One thing that can be quickly seen is that the focus concept (which can be interpreted as the minimum common ancestor) is the Snomed CT root concept. This means that concepts in the subset have no other common parent aside from the Snomed root concept. This serves as a sign that subset definition has potential problems.

A more detailed analysis shows that:
  • 5 / 12 concepts are in the procedure hierarchy, which seems fitting as we are talking about collection methods.
  • 3 / 12 concepts are in the qualifier value hierarchy
  • 2/ 12 concepts are in the specimen hierarchy
  • 1 / 12 concept is in the substance hierarchy
  • 1 / 12 concept is in the observable entity hierarchy 
  • 1 concept is inactive and shouldn't be used

 Taking a careful look at the concepts not in procedure hierarchy, some problems become apparent:
  • The concept "45710003 |Sputum (substance)|", which refers to the substance, is used to refer to the method of collection. In this case, the concept "37705003 |Collection of sputum (procedure)|" seems way more fitting to the purpose of the subset
  • The concept "20255002 |Blushing, function (observable entity)|"refers to an observable entity. It seems that the correct concept could be "225063006 | Flushing cannula (procedure) |"
  • Similar to the last one, "258431006 |Scrappings (specimien)|" and "Specimen obtained by aspiration (specimen)" seem to be unfitting for the purpose of the subset. Probably, "56757003 |Scraping (procedure)|" and "14766002 | Aspiration (procedure) |" should be used instead. 
  • The inactive concept "386147002 | Smear procedure (procedure) |" was made inactive because it was ambiguous. By reviewing the code in the Snomed Browser (see RefSet tab) we can see that code should be "448895004 | Sampling for smear (procedure) |" or "448938001 | Preparation of smear (procedure) |" (or both).
  • Regarding the selected qualifier values, the correct approach shouldn't be to add these qualifiers to the set, but to allow the procedures that use this qualifier value. This can be expressed as 71388002|Procedure (procedure)| which 260686004 |Method (attribute)| is any of the three qualifier values. Formally, the expression for these qualifier values would end as:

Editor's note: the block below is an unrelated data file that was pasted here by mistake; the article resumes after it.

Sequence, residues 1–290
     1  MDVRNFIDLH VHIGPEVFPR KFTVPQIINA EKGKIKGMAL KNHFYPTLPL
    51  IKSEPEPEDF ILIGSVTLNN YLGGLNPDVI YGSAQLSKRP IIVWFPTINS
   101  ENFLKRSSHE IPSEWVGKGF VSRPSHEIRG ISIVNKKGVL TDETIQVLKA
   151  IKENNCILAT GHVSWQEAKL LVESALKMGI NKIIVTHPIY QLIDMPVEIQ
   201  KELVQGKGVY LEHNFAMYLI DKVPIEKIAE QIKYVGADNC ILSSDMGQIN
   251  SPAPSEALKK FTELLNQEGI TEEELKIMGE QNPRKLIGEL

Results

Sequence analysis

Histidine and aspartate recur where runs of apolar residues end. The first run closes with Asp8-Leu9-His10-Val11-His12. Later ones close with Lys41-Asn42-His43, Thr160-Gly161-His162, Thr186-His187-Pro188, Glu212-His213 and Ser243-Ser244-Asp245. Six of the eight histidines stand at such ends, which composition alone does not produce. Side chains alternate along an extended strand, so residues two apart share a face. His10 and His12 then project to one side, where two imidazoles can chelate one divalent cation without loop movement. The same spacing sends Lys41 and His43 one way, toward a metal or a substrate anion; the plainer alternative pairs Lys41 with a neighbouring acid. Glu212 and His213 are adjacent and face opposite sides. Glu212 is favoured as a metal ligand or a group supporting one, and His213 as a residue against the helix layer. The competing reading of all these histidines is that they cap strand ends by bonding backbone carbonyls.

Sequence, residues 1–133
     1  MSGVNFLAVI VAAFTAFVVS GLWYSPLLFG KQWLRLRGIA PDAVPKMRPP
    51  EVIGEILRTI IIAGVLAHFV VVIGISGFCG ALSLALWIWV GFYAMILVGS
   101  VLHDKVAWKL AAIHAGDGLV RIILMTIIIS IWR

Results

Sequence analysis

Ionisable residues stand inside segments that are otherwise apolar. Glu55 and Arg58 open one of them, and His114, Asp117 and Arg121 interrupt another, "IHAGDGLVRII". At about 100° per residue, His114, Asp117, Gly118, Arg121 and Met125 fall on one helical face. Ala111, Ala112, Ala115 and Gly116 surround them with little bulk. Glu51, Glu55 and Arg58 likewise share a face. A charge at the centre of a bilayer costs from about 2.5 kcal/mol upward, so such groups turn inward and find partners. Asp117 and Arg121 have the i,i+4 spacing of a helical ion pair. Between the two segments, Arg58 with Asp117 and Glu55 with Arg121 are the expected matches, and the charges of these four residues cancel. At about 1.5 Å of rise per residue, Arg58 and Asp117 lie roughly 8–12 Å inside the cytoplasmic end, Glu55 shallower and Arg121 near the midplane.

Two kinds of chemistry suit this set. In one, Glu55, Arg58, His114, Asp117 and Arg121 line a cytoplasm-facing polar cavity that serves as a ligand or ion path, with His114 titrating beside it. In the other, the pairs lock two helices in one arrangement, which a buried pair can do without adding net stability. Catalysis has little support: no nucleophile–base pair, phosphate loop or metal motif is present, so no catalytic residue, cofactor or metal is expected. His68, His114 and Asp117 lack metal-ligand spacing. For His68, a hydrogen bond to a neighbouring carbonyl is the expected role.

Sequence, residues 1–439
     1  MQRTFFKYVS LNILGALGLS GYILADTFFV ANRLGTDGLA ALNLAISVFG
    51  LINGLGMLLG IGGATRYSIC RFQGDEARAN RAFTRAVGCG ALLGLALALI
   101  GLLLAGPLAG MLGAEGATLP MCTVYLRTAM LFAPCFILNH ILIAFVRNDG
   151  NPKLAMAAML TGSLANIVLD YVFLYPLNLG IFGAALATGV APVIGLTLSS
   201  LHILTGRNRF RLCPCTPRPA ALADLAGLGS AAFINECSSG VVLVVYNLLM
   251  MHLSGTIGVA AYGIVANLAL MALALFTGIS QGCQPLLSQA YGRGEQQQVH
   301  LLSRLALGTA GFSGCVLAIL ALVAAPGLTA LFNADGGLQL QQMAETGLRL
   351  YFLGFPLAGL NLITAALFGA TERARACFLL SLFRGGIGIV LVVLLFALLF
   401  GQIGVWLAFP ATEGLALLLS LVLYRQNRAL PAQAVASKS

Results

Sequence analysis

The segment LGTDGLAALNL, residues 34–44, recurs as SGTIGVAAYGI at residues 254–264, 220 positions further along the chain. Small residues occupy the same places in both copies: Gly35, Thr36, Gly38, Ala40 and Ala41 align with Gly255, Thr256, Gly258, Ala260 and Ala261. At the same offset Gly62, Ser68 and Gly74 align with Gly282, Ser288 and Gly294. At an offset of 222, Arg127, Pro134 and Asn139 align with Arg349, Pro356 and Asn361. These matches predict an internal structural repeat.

<71388002|Procedure (procedure)|:260686004 |Method (attribute)|=(16404004 |Induced (qualifier value)| OR 360020006 |Extirpation - action (qualifier value)| OR 7800008 |Punctate (qualifier value)|)
Note: Even if Induced and Punctuate terms are not currently used as destination of any attribute in Snomed CT, this expression constraint allows to validate the post-coordination of procedures that use these methods
In addition to validating the subset we should also ask ourselves again if there is some expression that could be used to group terms, and by doing so, simplify the expression.

Conclusion 

As the examples show, these subsets' visualizations could help clinical experts in the subset definition, validation, and curation. Extensional subsets may seem easy to define, but could led to potential problems if the hierarchy is not taken into account when defining the subset. Even if (arguably) one of the advantages of defining extensional subsets is to limit the possible inputs in a form, official provided subsets should always try to include all and every term useful for the subset to ease interoperability. When implementing the subset in a given organization is always better to further refine a subset than to extend it with terms not originally included in it.